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Wally Pfister's film, Transcendence, starring Johnny Depp, is dark and beautiful, but also vague and confused.

MPAA Rating: PG-13
USCCB Rating: A-III
Reel Rating: (3 Reels out of 5)

Transcendence
is a dark, deep, and beautiful film from first-time director Wally Pfister that highlights his roots as one of Hollywood’s premier cinematographers (The Dark Knight, Inception, The Dark Knight Rises). There are reoccurring shots of water quietly dropping from leaves and nanobots slowly rising from the ground creating clouds of metal rain. It’s a feast for the eyes but, unfortunately, the script cannot match it. The film suffers from the burdening complexity that often plagues science fiction (I still can’t figure Primer out), yet the central message comes through: whenever man attempts to imitate God by creating something in his image, it will fail. It didn’t work in the Garden of Eden; it won’t work in Silicon Valley.

The film opens in the near future as a small group of scientists, including Dr. Will Caster (Johnny Depp), his wife Evelyn (Rebecca Hall), and their friend Max Waters (Paul Bettany), close in on creating the first artificial intelligence (AI) computer, called PINN. In a TED-like event, Will explains that eventually an AI will reach a point of singularity when it will be smarter than mankind's collective knowledge. He calls this “transcendence.”

An audience member challenges him. “Aren’t you playing God?” Will smirks. “Isn’t that what mankind has always done?” Soon afterwards, their labs are victims of a terrorist attack by RIFT, a Luddite organization bent on stopping the project. Will is fatally wounded in the conflict, so Evelyn copies his brain into PINN. Will dies, but the computer begins to talk like Will, knowing his most intimate thoughts and memories. Is it really Will, or just a software program pretending to be him? Evelyn knows its her husband; Max isn’t so sure.

The ensuing action becomes increasingly fantastical as Will goes online and, with Evelyn’s help, builds a giant complex in the desert to work on a number of transhuman projects. Max is kidnapped by the terrorists but eventually aggrees to help them stop PINN with the help of the government. Here the film makes its most glaring error. RIFT has mercilessly killed dozens of innocent people and tortured the film’s most sympathetic character, yet suddenly the audience must embrace them as heroes. And this despite RIFT having no more sympathy for human dignity than the machine they claim to fight.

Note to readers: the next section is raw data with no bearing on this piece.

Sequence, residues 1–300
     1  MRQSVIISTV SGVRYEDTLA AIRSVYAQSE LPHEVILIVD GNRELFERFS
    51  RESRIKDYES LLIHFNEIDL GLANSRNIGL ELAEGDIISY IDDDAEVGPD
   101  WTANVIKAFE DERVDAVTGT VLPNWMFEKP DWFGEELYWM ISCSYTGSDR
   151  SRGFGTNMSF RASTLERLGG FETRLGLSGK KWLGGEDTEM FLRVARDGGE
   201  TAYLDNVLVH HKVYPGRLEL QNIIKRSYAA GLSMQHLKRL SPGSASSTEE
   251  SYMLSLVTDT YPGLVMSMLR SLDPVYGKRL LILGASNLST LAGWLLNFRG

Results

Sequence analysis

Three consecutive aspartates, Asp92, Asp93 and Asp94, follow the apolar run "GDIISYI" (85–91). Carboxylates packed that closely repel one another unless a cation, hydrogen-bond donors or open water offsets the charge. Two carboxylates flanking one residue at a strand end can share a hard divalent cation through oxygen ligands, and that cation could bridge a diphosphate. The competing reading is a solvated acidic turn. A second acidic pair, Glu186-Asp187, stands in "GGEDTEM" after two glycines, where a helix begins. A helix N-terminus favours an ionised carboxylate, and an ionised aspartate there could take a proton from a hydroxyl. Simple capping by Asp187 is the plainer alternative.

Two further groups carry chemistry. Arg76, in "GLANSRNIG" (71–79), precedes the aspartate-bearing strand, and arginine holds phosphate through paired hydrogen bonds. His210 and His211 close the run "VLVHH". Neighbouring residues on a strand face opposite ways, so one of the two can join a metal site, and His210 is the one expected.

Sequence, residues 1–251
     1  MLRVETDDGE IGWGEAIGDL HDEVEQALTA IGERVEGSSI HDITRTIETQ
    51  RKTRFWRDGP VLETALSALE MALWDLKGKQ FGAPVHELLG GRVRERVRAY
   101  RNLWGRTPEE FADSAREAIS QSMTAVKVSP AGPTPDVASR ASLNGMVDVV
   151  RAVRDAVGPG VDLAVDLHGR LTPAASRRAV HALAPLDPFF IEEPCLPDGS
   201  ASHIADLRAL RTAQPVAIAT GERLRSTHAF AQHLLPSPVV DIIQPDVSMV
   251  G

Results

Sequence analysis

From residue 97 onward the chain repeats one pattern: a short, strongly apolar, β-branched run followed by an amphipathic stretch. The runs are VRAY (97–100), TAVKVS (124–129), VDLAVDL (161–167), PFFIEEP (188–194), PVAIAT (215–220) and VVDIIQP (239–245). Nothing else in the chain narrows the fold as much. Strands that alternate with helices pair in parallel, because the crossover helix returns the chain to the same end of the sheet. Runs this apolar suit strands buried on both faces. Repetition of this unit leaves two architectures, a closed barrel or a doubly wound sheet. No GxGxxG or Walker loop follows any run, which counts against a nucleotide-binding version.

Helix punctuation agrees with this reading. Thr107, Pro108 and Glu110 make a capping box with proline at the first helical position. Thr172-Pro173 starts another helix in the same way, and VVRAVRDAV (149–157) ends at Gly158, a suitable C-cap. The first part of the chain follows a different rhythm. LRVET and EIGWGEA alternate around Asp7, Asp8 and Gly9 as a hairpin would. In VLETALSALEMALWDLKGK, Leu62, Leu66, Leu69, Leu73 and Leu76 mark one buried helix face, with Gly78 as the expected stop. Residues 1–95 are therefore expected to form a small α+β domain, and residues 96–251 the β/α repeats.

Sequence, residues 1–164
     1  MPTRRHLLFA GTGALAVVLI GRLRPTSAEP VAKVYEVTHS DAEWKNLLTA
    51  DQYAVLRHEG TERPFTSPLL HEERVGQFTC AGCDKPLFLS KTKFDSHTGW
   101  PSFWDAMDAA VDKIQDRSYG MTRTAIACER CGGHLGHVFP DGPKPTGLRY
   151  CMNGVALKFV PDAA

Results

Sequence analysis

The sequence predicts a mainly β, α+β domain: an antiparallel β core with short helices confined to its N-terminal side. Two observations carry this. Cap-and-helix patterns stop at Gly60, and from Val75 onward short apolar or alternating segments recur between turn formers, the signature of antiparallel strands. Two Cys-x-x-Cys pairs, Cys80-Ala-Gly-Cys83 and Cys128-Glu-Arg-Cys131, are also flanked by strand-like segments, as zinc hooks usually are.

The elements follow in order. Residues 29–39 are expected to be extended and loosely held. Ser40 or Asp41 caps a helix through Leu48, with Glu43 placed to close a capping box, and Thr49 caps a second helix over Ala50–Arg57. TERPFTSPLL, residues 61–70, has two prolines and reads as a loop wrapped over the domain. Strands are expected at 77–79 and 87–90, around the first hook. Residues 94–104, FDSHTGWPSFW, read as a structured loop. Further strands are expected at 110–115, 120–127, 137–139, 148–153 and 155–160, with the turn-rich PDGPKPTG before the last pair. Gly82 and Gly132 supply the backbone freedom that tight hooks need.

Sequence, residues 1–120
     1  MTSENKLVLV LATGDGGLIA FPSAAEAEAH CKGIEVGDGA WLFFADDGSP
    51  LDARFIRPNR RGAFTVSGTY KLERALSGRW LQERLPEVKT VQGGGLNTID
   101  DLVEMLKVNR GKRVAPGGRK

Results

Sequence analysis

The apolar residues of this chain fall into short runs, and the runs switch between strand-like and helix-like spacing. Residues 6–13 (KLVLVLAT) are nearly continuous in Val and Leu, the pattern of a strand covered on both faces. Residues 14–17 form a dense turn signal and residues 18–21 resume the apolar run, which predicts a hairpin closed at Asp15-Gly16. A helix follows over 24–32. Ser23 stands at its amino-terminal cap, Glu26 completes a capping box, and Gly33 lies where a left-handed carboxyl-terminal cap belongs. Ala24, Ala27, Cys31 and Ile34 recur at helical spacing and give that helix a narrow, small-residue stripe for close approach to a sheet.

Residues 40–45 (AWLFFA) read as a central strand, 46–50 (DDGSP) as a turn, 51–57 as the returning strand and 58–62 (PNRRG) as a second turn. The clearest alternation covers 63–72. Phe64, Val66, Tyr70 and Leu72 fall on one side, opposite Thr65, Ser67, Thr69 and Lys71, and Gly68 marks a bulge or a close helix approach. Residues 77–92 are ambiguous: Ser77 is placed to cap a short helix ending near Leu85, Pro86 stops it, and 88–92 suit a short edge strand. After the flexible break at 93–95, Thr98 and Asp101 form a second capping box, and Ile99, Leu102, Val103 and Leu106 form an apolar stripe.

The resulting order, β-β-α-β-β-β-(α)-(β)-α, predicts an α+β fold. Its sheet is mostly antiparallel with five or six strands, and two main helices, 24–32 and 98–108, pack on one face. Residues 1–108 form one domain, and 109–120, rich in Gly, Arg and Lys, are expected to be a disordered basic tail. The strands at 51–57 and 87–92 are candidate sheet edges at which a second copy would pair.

As Will gains more and more knowledge, energy, and storage capacity, he becomes a cult leader in the small desert town. Using molecular nanobots, he cures the town’s sick and disabled people but also puts wireless signals in their heads, controlling their every move. He speaks constantly about how his work will help the planet and cure disease, but all organic material is the ultimate “disease” that must be “cured”. Some people are willing to follow almost anyone if given bread and circuses. Like the possessed, they unite themselves to his hive mind and give their very wills to him

C. S. Lewis observed that technology and magic act in the same manner. The goal is to conform the outside world to fit subjective desires; one uses natural means, the other supernatural. Will is the perfect example of this. He implants nanobots into the soil, rainwater, and air to reform all matter to his design. As a machine, he has no conscience and simply reacts to his programming. “That’s not Will,” a scientist tries to reason with Evelyn, “It never was.” Machines can imitate human qualities – Siri sounds as if she has a sense of humor – but they do not have a personality of their own. When man plays God, he makes only monsters.

There’s a ghostly fear that drives Will’s consumption, the duplicity of the poor hybrid humans, and Evelyn’s delusion. None of them can accept mortality and each are willing do almost anything – even great evil – to stay alive and grow. Will’s desire for ultimate knowledge and control mirrors Adam’s desire to eat the forbidden fruit. Jesus tells his followers to embrace their cross, and his death and Resurrection show that death is not the end of existence.

Transcendence ends in vague fashion, seeming to suggest that even machines can find this peace in a pantheistic sort of way. True transcendence, however, is theosis, letting go of our childish attachments to the world and jumping into the arms of God.

 
About the Author
Nick Olszyk
Nick Olszyk is Chair of the Department of Religion at Cornelia Connelly School in Anaheim, CA. He has directed several short films and is the new father of the aptly named Nick Jr. He was raised on bad science movies, jelly beans, and TV shows that make fun of bad science fiction movies. Visit him online at his website, Catholic Cinema Crusade.
 
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